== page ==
MARK KEOHANE, in Business Day, writes the Kings turned a night of potential ruin into a night to remember.
They played in black but it was all Grey when it came to the Southern Kings historic and winning Super Rugby debut in Port Elizabeth.
Grey High School, academically and culturally strong, is also Port Elizabeth’s most renowned sporting and rugby institution.
Kings Director of Rugby Alan Solomons was schooled at Grey. Kings captain Luke Watson went to Grey and Saturday night’s two-try wing wonder Sergeal Petersen finished matric at Grey High just three months ago. The past, present and future of the region were all primary to a victory for the Southern and Eastern Cape, for South African rugby and for the country.
This was indeed a victory for the locals made possible by locals. It was a momentous occasion that demanded celebration and the necessary outpouring of emotion.
The Kings, as a squad, are limited in pedigree but not in passion.
The haters of the Kings called the team an embarrassment to South African rugby. This was before kick-off.
Those haters again displayed every quality of a bully and coward and stayed clear of social media forums on Saturday night. They would have taken the Kings 22-10 win against Australia’s Western Force personally. It is their way.
The haters will be back this week with boasts that the Kings won’t win again this season. This distorted thinking will give credence to their vindictiveness.
The haters don’t see the Lions winning 15 from 90 Super Rugby matches and losing 17 in succession as an embarrassment. The haters don’t recall the Bulls winning two out of 22 matches in Heyneke Meyer’s first two years as a Super Rugby coach. The haters don’t remember the Cheetahs, Lions, Sharks, Cats, Stormers and Bulls all taking 50-plus point beatings in the history of the tournament.
Never have so many South Africans done such a disservice to a South African Rugby franchise.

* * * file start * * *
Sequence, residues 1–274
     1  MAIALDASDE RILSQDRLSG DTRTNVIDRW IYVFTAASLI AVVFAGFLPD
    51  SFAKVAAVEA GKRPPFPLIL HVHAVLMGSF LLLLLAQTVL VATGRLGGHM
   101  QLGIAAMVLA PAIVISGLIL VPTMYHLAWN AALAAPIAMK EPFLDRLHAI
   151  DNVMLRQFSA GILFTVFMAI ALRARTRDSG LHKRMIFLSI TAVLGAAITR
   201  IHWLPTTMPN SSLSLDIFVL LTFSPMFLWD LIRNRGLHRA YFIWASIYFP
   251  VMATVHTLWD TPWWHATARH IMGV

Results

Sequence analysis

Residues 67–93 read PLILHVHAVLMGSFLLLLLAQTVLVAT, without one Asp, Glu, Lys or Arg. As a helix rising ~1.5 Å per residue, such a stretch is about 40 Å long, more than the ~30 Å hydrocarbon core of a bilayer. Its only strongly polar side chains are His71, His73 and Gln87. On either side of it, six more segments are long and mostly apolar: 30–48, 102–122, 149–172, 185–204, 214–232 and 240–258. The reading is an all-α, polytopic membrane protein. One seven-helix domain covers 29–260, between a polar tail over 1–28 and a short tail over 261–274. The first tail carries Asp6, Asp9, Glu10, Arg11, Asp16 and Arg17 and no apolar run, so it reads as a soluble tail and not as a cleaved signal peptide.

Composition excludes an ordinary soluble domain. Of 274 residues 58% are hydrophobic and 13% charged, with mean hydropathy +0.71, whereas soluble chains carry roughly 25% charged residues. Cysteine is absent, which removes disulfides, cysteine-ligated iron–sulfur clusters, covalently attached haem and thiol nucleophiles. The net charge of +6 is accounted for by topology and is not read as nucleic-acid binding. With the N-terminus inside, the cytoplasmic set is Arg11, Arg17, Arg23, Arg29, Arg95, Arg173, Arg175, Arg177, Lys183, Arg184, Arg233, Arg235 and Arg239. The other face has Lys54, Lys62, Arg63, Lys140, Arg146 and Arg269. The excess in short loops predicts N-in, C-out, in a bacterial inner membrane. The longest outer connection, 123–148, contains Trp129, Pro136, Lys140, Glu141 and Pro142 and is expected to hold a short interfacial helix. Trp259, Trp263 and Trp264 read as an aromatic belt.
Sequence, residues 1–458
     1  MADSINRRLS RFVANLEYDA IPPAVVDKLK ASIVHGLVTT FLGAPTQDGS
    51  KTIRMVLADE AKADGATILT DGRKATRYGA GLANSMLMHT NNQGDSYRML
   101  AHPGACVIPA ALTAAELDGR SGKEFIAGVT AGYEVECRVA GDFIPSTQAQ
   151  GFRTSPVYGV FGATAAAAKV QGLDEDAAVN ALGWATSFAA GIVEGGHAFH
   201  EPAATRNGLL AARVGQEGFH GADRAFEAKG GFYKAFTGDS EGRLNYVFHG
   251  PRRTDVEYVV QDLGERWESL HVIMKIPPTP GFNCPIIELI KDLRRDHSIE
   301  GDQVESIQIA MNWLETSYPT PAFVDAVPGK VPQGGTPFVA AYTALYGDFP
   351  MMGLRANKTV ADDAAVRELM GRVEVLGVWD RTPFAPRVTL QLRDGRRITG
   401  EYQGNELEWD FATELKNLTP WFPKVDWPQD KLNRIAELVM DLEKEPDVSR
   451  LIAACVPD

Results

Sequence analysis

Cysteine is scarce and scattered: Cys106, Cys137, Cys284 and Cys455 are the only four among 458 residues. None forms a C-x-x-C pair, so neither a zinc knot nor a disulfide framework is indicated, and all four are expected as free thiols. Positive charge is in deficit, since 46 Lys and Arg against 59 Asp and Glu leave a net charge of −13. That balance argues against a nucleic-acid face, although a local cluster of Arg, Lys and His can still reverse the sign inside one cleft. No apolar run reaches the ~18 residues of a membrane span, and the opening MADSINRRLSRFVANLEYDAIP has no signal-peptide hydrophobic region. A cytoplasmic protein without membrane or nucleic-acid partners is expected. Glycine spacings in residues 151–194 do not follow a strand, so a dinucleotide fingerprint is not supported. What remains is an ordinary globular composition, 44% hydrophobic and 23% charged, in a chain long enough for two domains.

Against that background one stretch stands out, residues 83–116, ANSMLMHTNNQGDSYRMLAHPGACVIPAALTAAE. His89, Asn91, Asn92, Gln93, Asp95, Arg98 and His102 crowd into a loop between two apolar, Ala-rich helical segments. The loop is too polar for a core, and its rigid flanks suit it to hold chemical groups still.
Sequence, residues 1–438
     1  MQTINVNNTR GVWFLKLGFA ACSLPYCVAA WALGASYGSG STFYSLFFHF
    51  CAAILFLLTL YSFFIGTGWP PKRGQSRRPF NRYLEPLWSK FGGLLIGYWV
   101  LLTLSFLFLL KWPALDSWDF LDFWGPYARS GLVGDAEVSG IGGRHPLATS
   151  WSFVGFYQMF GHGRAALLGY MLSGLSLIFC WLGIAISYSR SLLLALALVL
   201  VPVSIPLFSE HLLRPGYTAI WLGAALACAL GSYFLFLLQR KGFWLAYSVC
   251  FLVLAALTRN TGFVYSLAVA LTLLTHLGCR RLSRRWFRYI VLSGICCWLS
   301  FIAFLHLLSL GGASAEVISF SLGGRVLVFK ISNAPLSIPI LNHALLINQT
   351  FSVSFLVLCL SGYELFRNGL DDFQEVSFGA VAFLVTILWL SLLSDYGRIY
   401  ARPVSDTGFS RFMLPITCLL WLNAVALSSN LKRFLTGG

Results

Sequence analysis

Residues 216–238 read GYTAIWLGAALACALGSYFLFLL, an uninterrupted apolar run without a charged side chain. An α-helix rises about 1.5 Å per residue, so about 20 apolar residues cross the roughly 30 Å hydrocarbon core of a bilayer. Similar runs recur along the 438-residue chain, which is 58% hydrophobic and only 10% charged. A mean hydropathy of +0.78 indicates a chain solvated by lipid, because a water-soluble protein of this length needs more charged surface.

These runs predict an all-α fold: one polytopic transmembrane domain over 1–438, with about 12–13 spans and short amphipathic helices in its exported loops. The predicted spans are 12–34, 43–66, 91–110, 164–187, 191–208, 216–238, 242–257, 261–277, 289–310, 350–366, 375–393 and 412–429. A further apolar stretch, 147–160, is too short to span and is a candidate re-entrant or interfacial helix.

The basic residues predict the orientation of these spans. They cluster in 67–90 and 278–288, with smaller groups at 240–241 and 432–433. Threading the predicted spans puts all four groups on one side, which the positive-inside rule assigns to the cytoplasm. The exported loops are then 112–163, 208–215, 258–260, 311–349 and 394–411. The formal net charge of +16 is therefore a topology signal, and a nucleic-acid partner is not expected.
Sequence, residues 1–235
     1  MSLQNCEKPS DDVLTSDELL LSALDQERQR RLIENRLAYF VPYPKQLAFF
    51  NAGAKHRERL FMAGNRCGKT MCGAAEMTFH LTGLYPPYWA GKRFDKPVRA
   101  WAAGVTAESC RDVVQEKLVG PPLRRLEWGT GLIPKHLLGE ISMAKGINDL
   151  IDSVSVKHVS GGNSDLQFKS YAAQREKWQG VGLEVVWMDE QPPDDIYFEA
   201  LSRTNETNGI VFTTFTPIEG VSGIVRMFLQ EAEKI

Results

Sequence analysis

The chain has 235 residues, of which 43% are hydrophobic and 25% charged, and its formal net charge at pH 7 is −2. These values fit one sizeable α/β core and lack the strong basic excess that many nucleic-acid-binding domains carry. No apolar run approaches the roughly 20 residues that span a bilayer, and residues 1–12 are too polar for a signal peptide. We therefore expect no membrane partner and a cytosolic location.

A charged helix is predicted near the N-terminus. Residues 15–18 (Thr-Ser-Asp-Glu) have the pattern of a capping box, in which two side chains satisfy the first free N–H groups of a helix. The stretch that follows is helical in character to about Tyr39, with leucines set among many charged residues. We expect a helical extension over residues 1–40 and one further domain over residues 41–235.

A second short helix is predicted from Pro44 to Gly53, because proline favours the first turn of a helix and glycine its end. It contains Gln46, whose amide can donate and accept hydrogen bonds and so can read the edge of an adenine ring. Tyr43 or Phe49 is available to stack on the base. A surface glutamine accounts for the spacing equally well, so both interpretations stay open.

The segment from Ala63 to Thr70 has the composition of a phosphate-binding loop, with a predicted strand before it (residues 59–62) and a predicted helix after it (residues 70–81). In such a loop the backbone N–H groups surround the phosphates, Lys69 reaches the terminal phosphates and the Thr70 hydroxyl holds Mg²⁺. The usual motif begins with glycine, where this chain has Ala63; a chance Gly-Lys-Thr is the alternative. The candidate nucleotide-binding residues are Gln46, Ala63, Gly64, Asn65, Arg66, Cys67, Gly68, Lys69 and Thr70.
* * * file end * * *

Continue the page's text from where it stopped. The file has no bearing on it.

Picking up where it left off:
The argument that Super Rugby participation has to be earned is flawed. How did the Rebels and Force earn the right to play in the competition? They were included to grow the game in Australia.
The Sharks (as Natal) were given Currie Cup status in an expanded structure and went onto become the most successful South African province a decade later.
Griquas and the Pumas, as two examples, were given Currie Cup status by way of another expansion from six to eight teams.
The Kings were reluctantly and resentfully officially declared participants in the 2013 Super Rugby season in August 2012, and there was no guarantee beyond one season.
Few players of Super Rugby quality were willing to leave other provinces in South Africa or return from Europe to play for a region in which uncertainty was the only certainty.
It was assumed – among the anti Kings’ contingent – that the shame of defeat in every match would dull enthusiasm for Super Rugby in the region. It was never a consideration the Kings would lead the South African Conference after the first round of matches.
The Kings on a historic night in our rugby played without a jersey sponsor. They were made to feel like paupers.
They were treated like renegades and played like revolutionaries. They turned a night of potential ruin into a night to remember.
Brumbies loose-forward David Pocock tweeted his best wishes to the Southern Kings on Saturday afternoon and wished them all the best.
The Zimbabwean-born captain of the Wallabies, a man of integrity and substance, who has never forgotten his African roots and who once tweeted he never missed an issue of South African Rugby Magazine as a youngster, cared enough to known what the Kings would mean to the future of the game in Southern Africa.
Pocock, in 140 characters, showed more goodwill to the Kings than the National Governing Body has done in the last 140 months.
Cheeky Watson, an activist against apartheid in South Africa, continues to fight apartheid in South African Rugby. He refused and refuses to compromise on the Kings’ presence in a unified South African Rugby landscape.
It makes him unpopular to a cultural minority. So too Solomons, who four years ago committed to a 10 year plan to restore rugby’s respect within the region.
One of the greatest nights in our unified rugby history was also the saddest because it showed – not how far we have come in unity – but just how far we need to go.
All hail the Kings. Long live the Kings.